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Scots destined to vote Yes, says Ian Hamilton

Ian Hamilton, who believes there will be a Yes vote, at his home in North Connel. Photograph: Ian MacNicol

Ian Hamilton, who believes there will be a Yes vote, at his home in North Connel. Photograph: Ian MacNicol

THE nationalist icon Ian ­Hamilton has claimed the ­referendum has “radically changed Scotland” because ­ordinary people are coming round to a Yes vote.

The 88-year-old QC, who ­became immortalised in SNP folklore when he took the Stone of Destiny in 1950, ­believes a grassroots ­movement towards independence has transformed Scotland’s political complexion.

Speaking to Scotland on Sunday, Hamilton claimed canvass returns from the Yes side defy the opinion polls by showing up to 55 per cent ­support for independence, ­reinforcing his belief that ­Scotland will become independent on 18 September.

Hamilton acknowledged that the country will be divided whatever the referendum result. But he argued that ­division was healthy, citing Nazi Germany “as the very worst example of a country that wasn’t divided”.

According to Hamilton, the momentum in favour of Scottish independence is such that Yes supporters will keep fighting for their cause, even if the country does vote No.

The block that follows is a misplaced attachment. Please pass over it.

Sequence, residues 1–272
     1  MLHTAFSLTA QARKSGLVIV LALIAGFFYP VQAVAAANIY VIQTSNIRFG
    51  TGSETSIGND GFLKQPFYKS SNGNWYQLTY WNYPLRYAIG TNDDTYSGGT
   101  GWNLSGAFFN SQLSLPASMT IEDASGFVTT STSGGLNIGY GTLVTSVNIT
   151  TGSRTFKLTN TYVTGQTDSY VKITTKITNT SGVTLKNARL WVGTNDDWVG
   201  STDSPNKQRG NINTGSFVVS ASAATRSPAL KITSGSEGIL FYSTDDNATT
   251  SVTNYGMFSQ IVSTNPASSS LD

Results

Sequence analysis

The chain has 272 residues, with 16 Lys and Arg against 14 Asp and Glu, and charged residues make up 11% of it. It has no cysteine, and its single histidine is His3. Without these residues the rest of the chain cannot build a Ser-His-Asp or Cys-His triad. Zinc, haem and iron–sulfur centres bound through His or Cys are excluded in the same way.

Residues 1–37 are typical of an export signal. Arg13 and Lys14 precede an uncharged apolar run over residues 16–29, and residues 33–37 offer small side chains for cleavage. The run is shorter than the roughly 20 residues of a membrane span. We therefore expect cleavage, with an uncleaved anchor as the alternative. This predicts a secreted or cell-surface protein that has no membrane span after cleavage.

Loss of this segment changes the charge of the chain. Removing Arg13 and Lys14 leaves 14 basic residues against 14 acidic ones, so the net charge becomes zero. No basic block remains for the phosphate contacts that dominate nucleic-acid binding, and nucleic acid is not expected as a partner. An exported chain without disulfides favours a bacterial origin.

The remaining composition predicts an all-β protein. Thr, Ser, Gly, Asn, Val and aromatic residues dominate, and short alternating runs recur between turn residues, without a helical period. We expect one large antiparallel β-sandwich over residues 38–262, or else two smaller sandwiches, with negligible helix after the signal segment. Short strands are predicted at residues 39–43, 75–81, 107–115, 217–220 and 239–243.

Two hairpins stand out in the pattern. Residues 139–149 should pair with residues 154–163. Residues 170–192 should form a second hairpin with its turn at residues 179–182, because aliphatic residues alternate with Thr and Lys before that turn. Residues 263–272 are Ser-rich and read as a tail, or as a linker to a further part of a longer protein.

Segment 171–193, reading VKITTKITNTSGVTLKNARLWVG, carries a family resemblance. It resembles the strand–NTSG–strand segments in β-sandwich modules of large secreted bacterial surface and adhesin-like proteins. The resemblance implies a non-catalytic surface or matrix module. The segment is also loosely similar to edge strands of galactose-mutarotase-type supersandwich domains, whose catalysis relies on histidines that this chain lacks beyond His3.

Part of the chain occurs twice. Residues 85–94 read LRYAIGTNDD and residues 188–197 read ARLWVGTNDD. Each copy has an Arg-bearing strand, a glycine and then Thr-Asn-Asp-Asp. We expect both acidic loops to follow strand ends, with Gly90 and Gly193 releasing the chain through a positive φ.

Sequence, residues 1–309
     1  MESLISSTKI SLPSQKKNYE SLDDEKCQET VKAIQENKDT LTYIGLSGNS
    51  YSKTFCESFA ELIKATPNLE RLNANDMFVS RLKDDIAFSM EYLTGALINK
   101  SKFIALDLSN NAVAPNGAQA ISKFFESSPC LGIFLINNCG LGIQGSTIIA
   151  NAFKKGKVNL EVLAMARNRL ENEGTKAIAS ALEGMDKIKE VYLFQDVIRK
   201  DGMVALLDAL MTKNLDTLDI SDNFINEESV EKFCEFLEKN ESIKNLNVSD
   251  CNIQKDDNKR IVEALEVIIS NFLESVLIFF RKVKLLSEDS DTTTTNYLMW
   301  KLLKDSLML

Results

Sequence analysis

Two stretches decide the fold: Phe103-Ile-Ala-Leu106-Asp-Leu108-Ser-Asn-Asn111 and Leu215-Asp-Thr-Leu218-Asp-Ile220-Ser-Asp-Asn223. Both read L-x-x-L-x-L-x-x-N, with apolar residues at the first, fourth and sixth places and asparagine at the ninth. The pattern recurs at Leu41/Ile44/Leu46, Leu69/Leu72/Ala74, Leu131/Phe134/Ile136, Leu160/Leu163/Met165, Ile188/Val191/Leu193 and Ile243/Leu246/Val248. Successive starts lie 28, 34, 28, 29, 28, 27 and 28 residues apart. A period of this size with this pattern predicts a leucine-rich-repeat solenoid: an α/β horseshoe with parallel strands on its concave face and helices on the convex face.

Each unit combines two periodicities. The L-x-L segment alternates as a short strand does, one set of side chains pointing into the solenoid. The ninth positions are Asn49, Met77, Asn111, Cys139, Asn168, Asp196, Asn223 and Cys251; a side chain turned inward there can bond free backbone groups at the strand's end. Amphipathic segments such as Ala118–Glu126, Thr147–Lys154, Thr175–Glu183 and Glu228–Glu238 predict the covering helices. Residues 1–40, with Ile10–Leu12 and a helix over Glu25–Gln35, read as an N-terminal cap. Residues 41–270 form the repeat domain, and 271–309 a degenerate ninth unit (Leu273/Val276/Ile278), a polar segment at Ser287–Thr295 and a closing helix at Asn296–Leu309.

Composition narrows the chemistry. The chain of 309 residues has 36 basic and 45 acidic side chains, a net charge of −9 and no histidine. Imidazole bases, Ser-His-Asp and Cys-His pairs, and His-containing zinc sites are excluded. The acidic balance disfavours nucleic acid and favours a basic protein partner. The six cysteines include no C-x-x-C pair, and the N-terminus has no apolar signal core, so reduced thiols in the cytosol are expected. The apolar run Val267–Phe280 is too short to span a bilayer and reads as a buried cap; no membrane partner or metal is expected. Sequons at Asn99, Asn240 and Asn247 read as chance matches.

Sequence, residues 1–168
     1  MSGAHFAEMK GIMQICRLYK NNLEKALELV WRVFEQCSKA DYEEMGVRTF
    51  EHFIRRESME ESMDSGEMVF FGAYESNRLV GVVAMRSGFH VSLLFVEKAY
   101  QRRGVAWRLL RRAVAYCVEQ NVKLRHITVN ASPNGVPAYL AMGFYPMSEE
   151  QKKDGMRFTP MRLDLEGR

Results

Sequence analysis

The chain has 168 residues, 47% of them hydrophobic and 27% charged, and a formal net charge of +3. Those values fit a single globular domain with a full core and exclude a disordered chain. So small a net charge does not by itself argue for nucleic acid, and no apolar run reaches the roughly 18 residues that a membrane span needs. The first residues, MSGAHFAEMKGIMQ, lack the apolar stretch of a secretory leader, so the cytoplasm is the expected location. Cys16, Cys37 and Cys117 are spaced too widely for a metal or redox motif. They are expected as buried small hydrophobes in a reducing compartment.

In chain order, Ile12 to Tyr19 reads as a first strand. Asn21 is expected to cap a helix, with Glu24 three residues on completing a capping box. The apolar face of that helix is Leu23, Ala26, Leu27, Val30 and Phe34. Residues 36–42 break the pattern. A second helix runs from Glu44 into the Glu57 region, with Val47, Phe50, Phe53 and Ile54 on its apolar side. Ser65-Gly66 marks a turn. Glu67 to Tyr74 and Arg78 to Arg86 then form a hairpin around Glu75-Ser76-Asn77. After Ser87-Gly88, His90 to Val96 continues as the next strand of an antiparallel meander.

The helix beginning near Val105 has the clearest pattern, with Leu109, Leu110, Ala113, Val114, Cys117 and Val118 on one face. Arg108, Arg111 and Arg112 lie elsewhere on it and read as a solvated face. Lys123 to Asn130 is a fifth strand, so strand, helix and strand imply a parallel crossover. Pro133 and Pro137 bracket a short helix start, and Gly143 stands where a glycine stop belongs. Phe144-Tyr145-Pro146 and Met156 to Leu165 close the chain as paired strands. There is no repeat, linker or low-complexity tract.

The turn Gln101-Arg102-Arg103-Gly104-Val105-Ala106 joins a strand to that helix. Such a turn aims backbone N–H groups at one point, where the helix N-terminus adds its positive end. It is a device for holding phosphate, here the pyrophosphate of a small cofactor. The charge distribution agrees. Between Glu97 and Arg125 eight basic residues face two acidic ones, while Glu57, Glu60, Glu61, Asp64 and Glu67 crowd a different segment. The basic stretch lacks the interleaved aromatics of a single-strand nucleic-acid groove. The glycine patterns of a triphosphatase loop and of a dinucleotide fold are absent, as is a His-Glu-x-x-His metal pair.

Nearly 64 years after he took the coronation stone of the Kings of Scotland from ­Westminster Abbey, Hamilton believes he will live to see an independent Scotland. “That would be great, it is what I have waited for all my life,” he said at his home in North ­Connel, near Oban.

“I know I may be very old, but I am not a prophet. But to me something very different is happening in Scotland today.”

The number of ordinary people – not associated with the SNP – who are out campaigning for Yes and canvass returns showing that working-class people from housing estates are independence supporters, gives Hamilton optimism.

“From the canvass results in Argyll and what’s reported from the rest of Scotland, there is an astonishing unanimity. Yes is going to win.

“It is interesting because the people speaking are the people who have never spoken ­before.”

Unlike others, the prospect of a nation split over the ­constitutional question held no fear for Hamilton.

“We will have a divided country,” he said. “If the ­division is pro-Yes it will be less divided because people who vote for the status quo, don’t have a great deal of ­spirit. But people who want change are not going to change.”

He added: “I think it is a wonderful thing for democracy when a country is divided. Surely the very worst example of a country that wasn’t divided was Nazi Germany. I want to live in a divided country.”

Last night a Better Together spokesman said: “The idea of the nationalists campaigning for another referendum if there is a No vote will horrify most Scots.

 

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